It was an unusual step taken this week by the NBA, which sent out a memo to all 30 teams about one specific player and a potential transaction that has not yet taken place—one that still appears very far from fruition. The player, of course, is Trail Blazers guard Damian Lillard, and the transaction is his looming trade to the Miami Heat.
Except, of course, that the Heat have not actually made a trade for Lillard and no such deal is forthcoming yet.
Still, public comments from Lillard’s agent, Aaron Goodwin, made clear that Lillard wants to be traded to Miami and nowhere else, and Goodwin was also clear that he had let other teams know that was the case. There were inferences, as well, that Lillard would simply not show up for camp if he was traded elsewhere.
The league office, watching helplessly as a player on a contract with four years and $220 million remaining on it vowed a one-man mutiny, sent out the memo basically getting Goodwin to retract his statements about Lillard’s intent and hoping to get more teams involved in a potential Lillard trade.
The willingness of the league office to stick its nose in the Lillard situation, though, has raised a specter among NBA observers: The NBA, seeking to harness stars forcing trades to specific teams, could void a Lillard trade to Miami, given the way the situation has unfolded so heavily in the Heat’s favor.
But the view from the league office is that commissioner Adam Silver will stay on the sidelines. “That’s not true, no,” one league source told Heavy Sports. “The league wants no more involvement in it, and there is no plan for that.”
Silver’s Involvement Would Break Precedent
Of course, never say never, but it would be breaking precedent if the Heat put forth a fair offer for Lillard, the Blazers agreed to it and the league stepped in to stop it. The NBA almost never gets involved in legal player transactions, even ones that are pretty clearly unbalanced.
It was just weeks ago, after all, that the Hawks traded John Collins—a 25-year-old with career averages of 15.8 points and 8.0 rebounds—to Utah for Rudy Gay and a future second-rounder. Gay will turn 37 this month. If the league did not stop that trade, it would have little cause to stop a Blazers-Heat trade.
Still, the NBA is bothered by the trend of star players accepting very large contracts and asking for a trade shortly thereafter. Not just any trade, either—a trade to a specific market. To be fair to Lillard, he gave 11 seasons to the Blazers and gave the franchise time this offseason to choose its direction.
When it was clear Portland aimed to rebuild with youth, Lillard asked out. That is not unusual, nor is it unseemly.
But what has been problematic is the way word has spread throughout the league that Lillard was so intent on going to the Heat in any trade that he would sooner go AWOL than report to another training camp. The league did not much like it when Nets wing Ben Simmons refused to report after seeking a trade out of Philadelphia two years ago, and it does not much like the prospect of Lillard taking things a step further and refusing a trade after Portland had made it.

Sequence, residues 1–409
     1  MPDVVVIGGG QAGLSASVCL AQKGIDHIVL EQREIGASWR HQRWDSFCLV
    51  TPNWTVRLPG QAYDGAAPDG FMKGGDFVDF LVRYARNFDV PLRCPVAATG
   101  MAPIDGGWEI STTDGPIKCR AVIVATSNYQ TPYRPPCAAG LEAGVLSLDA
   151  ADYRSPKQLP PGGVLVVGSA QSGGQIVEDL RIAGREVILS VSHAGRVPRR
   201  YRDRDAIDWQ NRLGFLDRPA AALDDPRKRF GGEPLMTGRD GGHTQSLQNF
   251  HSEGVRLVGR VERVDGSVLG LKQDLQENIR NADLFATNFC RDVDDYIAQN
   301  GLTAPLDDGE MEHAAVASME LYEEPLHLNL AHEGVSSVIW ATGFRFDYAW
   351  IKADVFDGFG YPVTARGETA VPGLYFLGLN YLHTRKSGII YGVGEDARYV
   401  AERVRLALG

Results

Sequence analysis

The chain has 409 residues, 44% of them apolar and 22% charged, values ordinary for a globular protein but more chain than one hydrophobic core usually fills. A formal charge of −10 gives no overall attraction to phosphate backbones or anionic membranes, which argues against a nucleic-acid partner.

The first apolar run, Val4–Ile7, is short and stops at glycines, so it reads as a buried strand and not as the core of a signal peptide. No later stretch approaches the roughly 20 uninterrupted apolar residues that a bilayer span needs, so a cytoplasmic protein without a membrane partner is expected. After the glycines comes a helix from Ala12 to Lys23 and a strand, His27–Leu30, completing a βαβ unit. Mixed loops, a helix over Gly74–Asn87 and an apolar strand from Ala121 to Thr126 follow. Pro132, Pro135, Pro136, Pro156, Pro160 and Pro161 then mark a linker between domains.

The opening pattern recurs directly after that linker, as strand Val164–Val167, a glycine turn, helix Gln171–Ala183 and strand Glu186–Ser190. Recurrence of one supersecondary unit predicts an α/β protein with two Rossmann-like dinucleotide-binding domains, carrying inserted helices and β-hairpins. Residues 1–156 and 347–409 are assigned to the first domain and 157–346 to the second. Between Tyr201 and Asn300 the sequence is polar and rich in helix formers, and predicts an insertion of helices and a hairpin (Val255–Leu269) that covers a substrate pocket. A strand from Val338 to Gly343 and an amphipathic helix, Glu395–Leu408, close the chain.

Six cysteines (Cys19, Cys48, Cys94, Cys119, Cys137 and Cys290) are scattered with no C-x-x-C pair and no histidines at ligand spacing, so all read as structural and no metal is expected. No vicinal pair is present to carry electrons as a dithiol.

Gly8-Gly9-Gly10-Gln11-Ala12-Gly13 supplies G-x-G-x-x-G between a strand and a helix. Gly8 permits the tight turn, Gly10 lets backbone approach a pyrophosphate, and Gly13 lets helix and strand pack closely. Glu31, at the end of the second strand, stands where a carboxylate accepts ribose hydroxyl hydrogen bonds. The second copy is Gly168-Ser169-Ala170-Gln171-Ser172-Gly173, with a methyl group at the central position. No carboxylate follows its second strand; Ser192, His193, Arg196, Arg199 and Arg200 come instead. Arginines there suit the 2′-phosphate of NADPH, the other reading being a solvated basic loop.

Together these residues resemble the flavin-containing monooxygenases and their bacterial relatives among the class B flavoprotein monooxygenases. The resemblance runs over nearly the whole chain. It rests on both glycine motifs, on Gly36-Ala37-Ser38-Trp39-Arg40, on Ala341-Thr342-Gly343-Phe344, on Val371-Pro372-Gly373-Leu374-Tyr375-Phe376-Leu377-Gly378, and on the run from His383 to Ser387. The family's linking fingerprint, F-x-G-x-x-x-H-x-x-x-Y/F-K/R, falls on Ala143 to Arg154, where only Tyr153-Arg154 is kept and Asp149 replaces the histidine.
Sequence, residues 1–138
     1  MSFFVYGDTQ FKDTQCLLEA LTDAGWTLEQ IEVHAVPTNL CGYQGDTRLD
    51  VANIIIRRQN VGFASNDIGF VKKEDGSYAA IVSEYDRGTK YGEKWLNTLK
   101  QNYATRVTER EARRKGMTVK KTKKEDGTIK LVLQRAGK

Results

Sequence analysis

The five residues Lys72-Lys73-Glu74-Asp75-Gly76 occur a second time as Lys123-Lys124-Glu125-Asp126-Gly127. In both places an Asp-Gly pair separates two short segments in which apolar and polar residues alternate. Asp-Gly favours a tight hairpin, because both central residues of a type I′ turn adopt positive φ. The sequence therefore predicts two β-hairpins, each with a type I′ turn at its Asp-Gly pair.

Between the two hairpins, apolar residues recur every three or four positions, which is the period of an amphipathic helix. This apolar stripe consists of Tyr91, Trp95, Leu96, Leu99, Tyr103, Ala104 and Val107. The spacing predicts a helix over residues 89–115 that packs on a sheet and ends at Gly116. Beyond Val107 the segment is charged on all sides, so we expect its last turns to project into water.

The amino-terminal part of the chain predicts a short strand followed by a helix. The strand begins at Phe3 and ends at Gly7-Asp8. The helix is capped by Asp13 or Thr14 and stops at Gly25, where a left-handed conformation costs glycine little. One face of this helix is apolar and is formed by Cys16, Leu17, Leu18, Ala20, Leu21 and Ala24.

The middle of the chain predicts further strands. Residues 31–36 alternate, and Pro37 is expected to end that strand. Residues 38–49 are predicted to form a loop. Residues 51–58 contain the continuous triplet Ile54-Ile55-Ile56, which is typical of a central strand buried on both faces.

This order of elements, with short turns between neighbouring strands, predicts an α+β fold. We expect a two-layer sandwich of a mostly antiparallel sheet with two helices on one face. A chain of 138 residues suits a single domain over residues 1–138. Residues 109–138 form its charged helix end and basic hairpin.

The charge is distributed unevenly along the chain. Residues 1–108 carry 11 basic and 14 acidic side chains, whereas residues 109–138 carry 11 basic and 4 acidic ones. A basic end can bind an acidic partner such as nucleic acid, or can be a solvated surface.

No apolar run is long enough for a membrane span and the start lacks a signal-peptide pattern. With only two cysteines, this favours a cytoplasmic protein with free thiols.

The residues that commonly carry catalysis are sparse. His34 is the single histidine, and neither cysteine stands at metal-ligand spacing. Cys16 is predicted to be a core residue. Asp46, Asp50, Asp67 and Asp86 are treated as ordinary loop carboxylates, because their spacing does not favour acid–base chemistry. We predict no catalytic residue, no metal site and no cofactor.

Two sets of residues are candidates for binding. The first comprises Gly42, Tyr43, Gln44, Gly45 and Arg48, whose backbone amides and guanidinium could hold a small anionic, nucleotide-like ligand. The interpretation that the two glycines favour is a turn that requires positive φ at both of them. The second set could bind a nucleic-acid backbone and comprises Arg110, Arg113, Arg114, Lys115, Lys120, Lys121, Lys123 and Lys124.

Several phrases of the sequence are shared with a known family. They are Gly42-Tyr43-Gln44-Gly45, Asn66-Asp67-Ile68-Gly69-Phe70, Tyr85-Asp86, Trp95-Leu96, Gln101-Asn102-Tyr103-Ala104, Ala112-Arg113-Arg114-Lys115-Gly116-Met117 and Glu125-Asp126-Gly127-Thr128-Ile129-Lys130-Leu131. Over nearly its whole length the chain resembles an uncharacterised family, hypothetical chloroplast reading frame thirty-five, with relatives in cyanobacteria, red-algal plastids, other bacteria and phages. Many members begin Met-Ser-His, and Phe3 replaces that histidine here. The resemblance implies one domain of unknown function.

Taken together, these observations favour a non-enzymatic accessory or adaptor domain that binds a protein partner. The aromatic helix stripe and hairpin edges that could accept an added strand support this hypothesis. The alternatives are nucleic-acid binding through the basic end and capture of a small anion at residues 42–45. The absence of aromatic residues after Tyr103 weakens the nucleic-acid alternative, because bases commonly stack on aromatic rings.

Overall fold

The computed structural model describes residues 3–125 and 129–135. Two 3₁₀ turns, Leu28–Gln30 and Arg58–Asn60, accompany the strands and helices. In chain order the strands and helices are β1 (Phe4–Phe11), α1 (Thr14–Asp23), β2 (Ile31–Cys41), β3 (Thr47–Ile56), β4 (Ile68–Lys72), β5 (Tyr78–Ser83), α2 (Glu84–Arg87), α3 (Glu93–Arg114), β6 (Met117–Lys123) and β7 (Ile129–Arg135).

Unfortunately, the damage has been done, memo or no memo. There is almost zero interest in Lillard around the league at this point, outside of Miami, in large part because the small handful of teams that might have been willing to make a deal for him have been successfully scared off.
Lillard’s Agent Made Clear it Was Miami-or-Bust
Earlier this month, Goodwin told Barry Jackson of the Miami Herald: “I do what I should for my client. Some teams I did call. Other teams have called me. It’s a respectful relationship with most teams. Truthfully, he wants to play in Miami. Period.”
But the NBA, in its memo, suggested that Goodwin did not say that Lillard would not play anywhere except Miami.
“We interviewed Goodwin and Lillard and also spoke with several NBA teams to whom Goodwin spoke,” the memo stated, per Chris Haynes of Bleacher Report. “Goodwin denied stating or indicating to any team that Lillard would refuse to play for them. Goodwin and Lillard affirmed to us that Lillard would fully perform the services called for under his player contract in any trade scenario. The relevant teams provided descriptions of their communications with Goodwin that were mostly, though not entirely, consistent with Goodwin’s statements to us.”
That’s all well and good but, again, the memo could not undo what Goodwin and Lillard had already accomplished, sabotaging the Blazers’ efforts to get a fair deal for Lillard by limiting Portland’s options to Miami and Miami. When a deal sending Lillard to Miami eventually comes to fruition, the NBA might not much like it, but won’t do much to stop it, either.